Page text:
Intelligence vs Expert System
The difference between a true Artificial Intelligence and a mere Expert System is the ability to think. A true AI has this ability, an Expert System does not.
When an Artificial Intelligence encounters something that is outside its programmed parameters while at first usually disoriented it is able to react after working out what it considers the proper response. This gives them the ability to initiate spontaneous action similar to natural intelligences. Intelligences, whether artificial or natural, roll their Intelligence+Interface+Bonuses for Interface.
When an Expert System encounters something outside its programmed parameters it does not respond. This is because it lacks the ability to think: it merely follows a list of conditions that trigger responses. These conditions and responses can be made incredibly complex, making it sometimes difficult to tell apart a complex Expert System from a true Artificial Intelligence. Ultimately even such complex Expert Systems have their limits: they can not transcend beyond that which their creators have given them. Expert Systems lack the ability to initiate spontaneous action, although they can be made to react to any event the original creator was smart enough to anticipate. Expert Systems roll the program’s Expert System x5 up to the system rank + the program’s interface bonus for Interface. The program’s interface bonus is considered to be the skill of the expert system. This might be needed for confirming critical success and failure, or if the expert system operates machinery in meat space.
Expert System Levels
The expert system function is special, since it is never executed. The expert system function describes the complexity of the program’s internal logic. Because there is considerable variation within expert systems, levels are used to describe just how complex the logic is.
In game terms the expert system function executes another function within the same program when some predetermined condition is fulfilled. Complex expert systems are difficult to code: each level of expert system beyond 4 adds 1 to the base TD of a program. This is in addition to the TD increase from an increasing number of functions.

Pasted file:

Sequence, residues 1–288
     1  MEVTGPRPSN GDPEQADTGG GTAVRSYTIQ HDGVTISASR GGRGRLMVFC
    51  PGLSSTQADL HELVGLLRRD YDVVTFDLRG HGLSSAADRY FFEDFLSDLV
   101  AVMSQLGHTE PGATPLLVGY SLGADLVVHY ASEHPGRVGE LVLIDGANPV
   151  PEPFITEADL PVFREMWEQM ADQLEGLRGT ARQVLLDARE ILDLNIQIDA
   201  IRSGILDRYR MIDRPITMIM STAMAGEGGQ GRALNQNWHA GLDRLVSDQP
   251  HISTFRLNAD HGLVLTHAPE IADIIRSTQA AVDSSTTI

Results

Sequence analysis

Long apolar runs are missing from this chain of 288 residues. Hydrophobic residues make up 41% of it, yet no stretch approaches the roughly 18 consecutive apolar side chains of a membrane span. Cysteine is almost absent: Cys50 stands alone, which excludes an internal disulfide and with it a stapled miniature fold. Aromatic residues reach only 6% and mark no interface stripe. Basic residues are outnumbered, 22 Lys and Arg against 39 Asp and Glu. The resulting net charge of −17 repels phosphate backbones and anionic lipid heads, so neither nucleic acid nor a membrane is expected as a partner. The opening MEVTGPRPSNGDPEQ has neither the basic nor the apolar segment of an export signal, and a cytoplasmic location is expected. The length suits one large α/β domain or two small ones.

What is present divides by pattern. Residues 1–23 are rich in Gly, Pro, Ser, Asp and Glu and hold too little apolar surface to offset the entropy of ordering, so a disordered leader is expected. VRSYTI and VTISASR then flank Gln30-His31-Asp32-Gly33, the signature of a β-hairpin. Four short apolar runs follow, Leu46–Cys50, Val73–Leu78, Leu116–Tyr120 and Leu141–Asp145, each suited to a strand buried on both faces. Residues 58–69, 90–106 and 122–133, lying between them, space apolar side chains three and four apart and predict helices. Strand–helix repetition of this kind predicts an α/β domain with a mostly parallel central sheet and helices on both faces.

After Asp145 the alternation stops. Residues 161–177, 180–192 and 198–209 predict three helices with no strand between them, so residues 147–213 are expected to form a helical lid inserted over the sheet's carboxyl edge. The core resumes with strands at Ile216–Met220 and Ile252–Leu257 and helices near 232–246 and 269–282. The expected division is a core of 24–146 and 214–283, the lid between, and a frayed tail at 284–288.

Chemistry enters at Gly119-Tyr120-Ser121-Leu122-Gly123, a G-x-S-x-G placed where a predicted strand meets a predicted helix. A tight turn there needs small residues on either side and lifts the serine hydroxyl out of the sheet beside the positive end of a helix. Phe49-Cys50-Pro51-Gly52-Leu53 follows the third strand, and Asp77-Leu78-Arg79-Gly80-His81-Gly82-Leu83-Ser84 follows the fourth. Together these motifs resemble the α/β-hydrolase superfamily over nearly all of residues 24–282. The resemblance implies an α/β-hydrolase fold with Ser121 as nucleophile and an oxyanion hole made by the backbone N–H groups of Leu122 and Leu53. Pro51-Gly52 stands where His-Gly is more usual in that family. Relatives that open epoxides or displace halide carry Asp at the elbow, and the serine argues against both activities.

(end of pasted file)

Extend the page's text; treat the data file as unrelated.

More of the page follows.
The term “well defined environment” means an environment in which everything is exact and easily measured. Virtual reality is a good example of such environment. A fuzzy environment is inexact and difficult to measure. The real world is a good example of such environment. Human social interaction is even fuzzier than reality.
|Level||Just how smart is it?||Example applications|
|Level 1||The expert system is capable of initiating a single function based on a single outside trigger. This reaction-trigger pair permits the expert system minimal autonomous action.||A firewall which executes the Stop (Gain Access) function when the Gain Access function is executed. A toaster which toasts bread for 4 minutes when the button is pressed.|
|Level 2||The expert system has multiple trigger-reaction pairs similar to a level 1 expert system. Systems at this level are usually capable of simple autonomous operation in a well defined environment.||A scout program which systematically attempts to enter all rooms in a system, executing Gain Access when it encounters doors it does not have credentials for. An industrial robot which builds a car from component parts according to specifications and stops if it detects unrelated movement nearby (to prevent accidents).|
|Level 3||The expert system has a large number trigger-reaction pairs similar to a level 1 expert system. As long as the environment is well defined the expert system is capable of complicated autonomous action.||Needs an example program. A building capable of receiving voice commands, controlling the climate, managing simple household robots, calling the cops if its windows or doors are broken, or the fire brigade if it gets too hot.|
|Level 4||An expert system at this level is complex enough to successfully carry out extensive autonomous operation in well defined environments. The expert system will attempt to complete its given task with the tools at its disposal. In game terms the player (not the character) who gave the expert system the task at hand can freely guide the expert system in its attempt to complete the given task. Cheap tech, medical and security scanners are often at this level.||An agent program which is timed to make a run while the runner is in a prominent location. A police robot that can identify which persons are currently taking hostile action towards it and which ones are not.|
|Level 8||Expert systems at this level are capable of human-like operation in the real world. Attempts to imitate human social interaction are convincing enough to fool those without experience with expert systems, but nerds quickly realize when they call tech support that the sexy voice actually belongs to a robot. High-grade tech, medical or security scanners are usually at this level.||A program with a good probability of success providing tech support. Needs an example robot.|
|Level 16||Expert systems at this level are capable of imitating human social interaction. Even experts can have a lengthy interaction with an expert system at this level without realizing the other end is an expert system.||A virtual secretary capable of simultaneously serving everyone in a large corporate skyscraper.|
|Level 32||It is highly improbable anyone has ever coded an expert system of this complexity.||Who knows what an expert system of this level would be capable of?|